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Aerospace & Defense

New Japanese carbon fibers set to shave aircraft part costs

Toray and Teijin to unveil most advanced composites at Paris air show

Carbon fiber made by Toray is used in the wings and fuselage of the Boeing 787 jetliner.   © Reuters

PARIS -- Japan's Toray Industries and Teijin each have developed new carbon fiber materials that are expected to slash production costs for aircraft parts by up to half.

Both companies plan to unveil their products at the International Paris Air Show, which opens Monday.

Carbon fiber is 10 times stronger than steel while only a quarter as heavy. Japanese companies lead in this field, with Toray, Teijin and Mitsubishi Chemical Holdings controlling roughly 60% of the global market combined. They supply carbon fiber-reinforced plastic to manufacturers of aircraft parts.

Toray specializes in thermosetting materials, which harden when heat is applied. The chemical company developed a new composite material that shrinks production times by 20% to 30%. Toray's carbon fiber is used in the wings and fuselage of Boeing's 787 jetliner, but the lengthy production time has limited the Japanese company to supplying material for only about 10 aircraft a month.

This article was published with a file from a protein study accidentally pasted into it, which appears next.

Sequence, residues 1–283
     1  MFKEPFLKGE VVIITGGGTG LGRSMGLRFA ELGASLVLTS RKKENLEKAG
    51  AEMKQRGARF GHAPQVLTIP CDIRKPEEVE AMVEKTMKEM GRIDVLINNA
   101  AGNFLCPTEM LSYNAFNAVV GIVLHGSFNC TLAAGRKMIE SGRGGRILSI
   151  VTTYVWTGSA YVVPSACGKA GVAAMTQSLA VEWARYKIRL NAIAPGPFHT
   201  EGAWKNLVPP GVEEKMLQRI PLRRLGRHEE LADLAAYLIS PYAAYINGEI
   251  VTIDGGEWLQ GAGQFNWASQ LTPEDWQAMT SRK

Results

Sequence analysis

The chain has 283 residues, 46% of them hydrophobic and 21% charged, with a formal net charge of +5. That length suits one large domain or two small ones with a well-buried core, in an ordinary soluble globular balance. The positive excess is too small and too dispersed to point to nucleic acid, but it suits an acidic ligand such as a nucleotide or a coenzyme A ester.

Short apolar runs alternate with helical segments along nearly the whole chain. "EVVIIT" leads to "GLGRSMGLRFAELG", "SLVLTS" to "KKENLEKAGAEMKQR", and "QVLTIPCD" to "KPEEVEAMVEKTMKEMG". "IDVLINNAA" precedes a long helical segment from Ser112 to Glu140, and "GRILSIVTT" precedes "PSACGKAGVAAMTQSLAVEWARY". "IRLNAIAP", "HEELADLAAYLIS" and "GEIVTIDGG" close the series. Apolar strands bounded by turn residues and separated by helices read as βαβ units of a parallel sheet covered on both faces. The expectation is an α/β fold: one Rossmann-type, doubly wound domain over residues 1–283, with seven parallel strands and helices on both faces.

Toray is also focusing on thermoplastic materials, which become soft when heat is applied, making them easier to process into parts. The company gained the ability to churn out such products in large quantities after acquiring Dutch player TenCate Advanced Composites in 2018.

Teijin has developed a thermosetting material better suited for mass production, with deliveries to a major European aircraft manufacturer set to begin as early as next year. The company will start supplying a thermoplastic material for Boeing's next-generation aircraft by 2021 as well. It aims to triple annual sales of aircraft-related carbon fiber products to about 100 billion yen ($920 million) by 2030.

Wide adoption of these new materials would slash the cost of manufacturing carbon fiber parts for aircraft. Carbon fiber is used mainly in midsize and large jetliners from Boeing and Airbus, but the new low-cost products likely would expand the market to small jetliners and business jets.

Demand for carbon fiber is expected to continue rising, thanks partly to the growth of budget airlines. The market for carbon fiber aircraft parts is projected to increase 150% from the 2018 level by 2030, research company Fuji Keizai says.

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